Last updates


Legal issues

The Rock Sparrow feeds on cereal rains, all kinds of seeds from forest plants, berries and fruits in autumn and winter.
During spring and summer, it feeds mainly on insects, grasshoppers and caterpillars, but it also takes cherries and other fruits.    

The Rock Sparrow is common, mainly in Spain, and this species is not threatened at this time. It is well present in protected areas.

Fr: Moineau soulcie
All : Steinsperling
Esp : Gorrión Chillón
Ital: Passera lagia striata
Nd: Rotsmus
Sd: Stensparv


José Luís Beamonte
Pájaros de España

Nicole Bouglouan

Text by Nicole Bouglouan


HANDBOOK OF THE BIRDS OF THE WORLD Vol 14 by Josep del Hoyo-Andrew Elliot-David Christie - Lynx Edicions –
ISBN: 9788496553507


ENCYCLOPEDIE DES OISEAUX DE FRANCE ET D’EUROPE – de Peter Hayman et Rob Hume - Flammarion – ISBN : 2082009920

Avibase (Lepage Denis)

Pájaros de España (JL Beamonte)

XENO-CANTO – Sharing Birds sounds from around the world


Home page

Page Passeriforme Order

Summary cards


Rock Sparrow
Petronia petronia

Passeriforme Order – Passeridae Family

Length: 14-15 cm
Weight: 26-39 g

The Rock Sparrow is very similar to the female House Sparrow, but it is bulkier, with shorter, spotted white tail, stronger bill and larger legs.   

We can see pale stripes on the head, one starting from the eyes and running to the nape, and the other from the forehead, through the crown and to the nape. On the rear eyes region, at ear-tuft level and on the rear crown, some dark patches contrast with the pale eyebrows.
We can see a typical yellow patch on the throat, but often difficult to see. 

The upperparts are dark brown with blackish patches and streaks. The tips of the rectrices are spotted white, well visible in flight. 
The underparts are whitish streaked brown, extending to the flanks and undertail feathers.

The bill is strong and conical. It is brown, from horn to dark brown on the upper mandible, and yellowish on the lower mandible. The eyes are dark brown. Legs and feet are pale brown or pinkish-brown.   
Both sexes are similar.
The juvenile resembles adults, but it lacks the yellow throat-patch and has browner plumage.

We can find several subspecies which differ in size and intensity of plumage colours. 

The Rock Sparrow’s typical call is mostly a loud whistle uttered when they are in groups “pii-yip” or “pii-yuii”. Other calls include various warblers typical of sparrows, but softer and more musical than those of House Sparrow
In flight, it gives a soft, nasal “dlui”. We also can hear short and harsh ‘uii-iip” or “birii”.
These birds can sing in chorus or alone, with variants from hard calls to abrupt silence.

The Rock Sparrow frequents stony areas with short grass, arid and stony fields, mountainous areas and monuments. This is a typical Mediterranean species.

The Rock Sparrow breeds in southern Europe, from Iberian Peninsula and western North Africa, through southern Europe and centre of Asia.
The Asian populations migrate southwards or perform altitudinal movements after the breeding season and during winter.

The Rock Sparrow is very shy during the breeding season, but outside this period, this species is gregarious.
When on the ground, it walks but does not hop, and remains fairly shy. In addition, it is very timid and anxious and can go completely unnoticed.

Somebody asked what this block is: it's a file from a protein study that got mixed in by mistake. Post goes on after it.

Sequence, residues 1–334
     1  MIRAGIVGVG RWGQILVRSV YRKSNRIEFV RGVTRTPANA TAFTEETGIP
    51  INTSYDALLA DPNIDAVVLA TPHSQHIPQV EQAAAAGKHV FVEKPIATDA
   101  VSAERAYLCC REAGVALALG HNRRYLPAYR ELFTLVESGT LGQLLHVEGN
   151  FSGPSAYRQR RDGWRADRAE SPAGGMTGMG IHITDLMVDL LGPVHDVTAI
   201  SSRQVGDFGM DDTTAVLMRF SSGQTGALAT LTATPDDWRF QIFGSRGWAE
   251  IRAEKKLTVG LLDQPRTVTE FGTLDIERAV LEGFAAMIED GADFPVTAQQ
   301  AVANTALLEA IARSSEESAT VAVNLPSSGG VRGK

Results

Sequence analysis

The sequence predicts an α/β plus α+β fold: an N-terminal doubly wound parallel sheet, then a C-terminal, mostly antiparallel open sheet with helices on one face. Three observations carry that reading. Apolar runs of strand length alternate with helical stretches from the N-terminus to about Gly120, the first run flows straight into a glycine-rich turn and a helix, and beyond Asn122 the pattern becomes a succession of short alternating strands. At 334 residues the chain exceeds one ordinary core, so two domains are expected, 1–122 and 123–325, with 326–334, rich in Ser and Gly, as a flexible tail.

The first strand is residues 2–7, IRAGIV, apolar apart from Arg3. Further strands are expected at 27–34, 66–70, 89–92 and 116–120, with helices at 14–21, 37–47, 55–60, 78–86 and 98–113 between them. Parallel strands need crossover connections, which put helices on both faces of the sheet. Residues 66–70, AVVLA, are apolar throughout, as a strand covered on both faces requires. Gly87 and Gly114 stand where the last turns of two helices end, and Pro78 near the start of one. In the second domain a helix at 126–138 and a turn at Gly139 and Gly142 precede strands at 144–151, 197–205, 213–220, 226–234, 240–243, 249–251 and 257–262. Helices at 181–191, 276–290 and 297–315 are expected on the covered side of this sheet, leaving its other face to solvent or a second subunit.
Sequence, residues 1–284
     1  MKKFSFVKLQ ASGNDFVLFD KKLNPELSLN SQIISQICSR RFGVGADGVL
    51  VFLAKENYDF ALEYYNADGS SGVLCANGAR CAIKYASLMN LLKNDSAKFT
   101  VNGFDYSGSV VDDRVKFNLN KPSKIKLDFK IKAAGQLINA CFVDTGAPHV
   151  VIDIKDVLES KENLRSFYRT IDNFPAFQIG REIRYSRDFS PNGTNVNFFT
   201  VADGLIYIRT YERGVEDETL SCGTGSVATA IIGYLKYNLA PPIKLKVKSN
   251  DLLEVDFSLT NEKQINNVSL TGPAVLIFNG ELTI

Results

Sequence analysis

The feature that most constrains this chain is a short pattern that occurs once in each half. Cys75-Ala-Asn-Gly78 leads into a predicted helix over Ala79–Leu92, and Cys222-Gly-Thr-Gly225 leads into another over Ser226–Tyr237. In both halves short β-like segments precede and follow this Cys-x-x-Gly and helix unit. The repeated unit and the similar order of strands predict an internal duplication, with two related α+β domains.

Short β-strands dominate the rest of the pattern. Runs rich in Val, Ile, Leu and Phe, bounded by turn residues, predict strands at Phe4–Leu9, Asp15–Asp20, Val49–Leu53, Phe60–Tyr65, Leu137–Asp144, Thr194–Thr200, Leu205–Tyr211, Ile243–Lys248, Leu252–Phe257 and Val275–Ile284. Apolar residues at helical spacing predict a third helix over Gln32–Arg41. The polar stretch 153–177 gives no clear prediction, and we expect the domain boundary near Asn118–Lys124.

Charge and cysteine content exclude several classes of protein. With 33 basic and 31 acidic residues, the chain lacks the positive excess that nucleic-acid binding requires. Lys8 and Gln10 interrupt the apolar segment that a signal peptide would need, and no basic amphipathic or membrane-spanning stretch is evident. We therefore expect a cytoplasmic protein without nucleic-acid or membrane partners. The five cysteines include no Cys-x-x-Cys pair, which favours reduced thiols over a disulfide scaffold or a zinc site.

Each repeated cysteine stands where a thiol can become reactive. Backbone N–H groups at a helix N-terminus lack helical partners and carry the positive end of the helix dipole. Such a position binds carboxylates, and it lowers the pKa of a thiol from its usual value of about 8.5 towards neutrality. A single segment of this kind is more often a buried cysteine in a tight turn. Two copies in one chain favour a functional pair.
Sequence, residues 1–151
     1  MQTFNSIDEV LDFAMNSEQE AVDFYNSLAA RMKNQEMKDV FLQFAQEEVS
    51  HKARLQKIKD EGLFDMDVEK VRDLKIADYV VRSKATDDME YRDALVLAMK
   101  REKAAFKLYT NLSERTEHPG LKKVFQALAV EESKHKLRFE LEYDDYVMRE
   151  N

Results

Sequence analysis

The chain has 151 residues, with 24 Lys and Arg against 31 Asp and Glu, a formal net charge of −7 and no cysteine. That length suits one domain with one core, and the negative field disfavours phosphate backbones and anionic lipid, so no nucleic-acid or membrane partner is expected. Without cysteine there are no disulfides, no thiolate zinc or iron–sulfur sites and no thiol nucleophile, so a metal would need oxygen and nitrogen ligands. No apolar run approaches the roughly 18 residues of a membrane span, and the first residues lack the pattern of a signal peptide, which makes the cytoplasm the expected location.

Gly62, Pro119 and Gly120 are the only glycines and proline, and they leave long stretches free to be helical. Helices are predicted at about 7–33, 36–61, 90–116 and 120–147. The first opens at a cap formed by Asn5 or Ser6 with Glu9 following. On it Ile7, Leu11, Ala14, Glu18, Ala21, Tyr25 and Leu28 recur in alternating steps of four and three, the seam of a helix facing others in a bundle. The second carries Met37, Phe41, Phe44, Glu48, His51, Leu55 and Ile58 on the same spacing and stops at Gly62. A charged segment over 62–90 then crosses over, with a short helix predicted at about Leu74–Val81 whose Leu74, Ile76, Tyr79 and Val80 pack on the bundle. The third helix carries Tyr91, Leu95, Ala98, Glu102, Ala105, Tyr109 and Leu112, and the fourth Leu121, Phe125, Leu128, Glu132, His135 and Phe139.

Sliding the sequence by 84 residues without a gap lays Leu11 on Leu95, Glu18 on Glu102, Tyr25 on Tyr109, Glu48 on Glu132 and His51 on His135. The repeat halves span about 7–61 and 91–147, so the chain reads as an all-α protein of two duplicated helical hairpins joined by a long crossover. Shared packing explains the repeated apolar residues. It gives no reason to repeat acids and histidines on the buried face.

It comes close to humans, habitations and tracks.
It perches in open in upright stance, in order to display the yellow throat patch. It also erects the top of the crown. This bird can be aggressive in spite of its quiet appearance.  

To feed, it pecks among the stones, in the crevices of the walls in monuments, in rocks and ruins, to find grasses and seeds, and also small berries.
During the breeding season, it catches insects mainly on the ground, but can take some preys on the wing.
At the end of the nesting period, the young of the first brood gather with adults and youngest birds, and form flocks which disperse into drier areas.

The courtship displays occur soon. As soon as March, the pairs occupy their usual breeding territories.

The Rock Sparrow has fast, undulating flight.
During the courtship displays, the males perform almost bat-like flights with broadly spread wings. Glides down to a perch close to that of female are usual.

The Rock Sparrow starts to breed in April. The flight displays by males become more frequent from mid-April. 
Usually, the nest is built inside a rock crevice, in stone wall or in hole in house or monument. They can be seen in porches of houses in mountain villages. Others are in hollow tree trunks, at variable height, but usually up to two metres above the ground. They can also occupy abandoned rabbit’s burrows in earthy banks, well hidden among the vegetation.       

The nest is a mound of straw, dry grasses, rootlets, wool, hair and numerous feathers. When in open or in large hollow, the bird gathers the nest material above, in order to form a kind of roof.

The female lays 4-5 eggs in April-May, sometimes six at higher altitude where a second clutch is not sure. The eggs are white, spotted brown or blackish. Usually, the larger base is darker, but others eggs can be very pale with greyish speckles, or almost entirely greenish-white.     
The incubation lasts about 12-15 days, by the female. She is fed by the male during this period. At hatching, the chicks are partially covered in down.
Both adults rear them carefully, but they grow very slowly and they remain at nest at least 20 to 22 days.
The second clutch occurs in June-July and starts about height days after the first young fledge. They are reared by the male while the female incubates. The same nest is often reused for both clutches.   

Rock Sparrow

singing loudly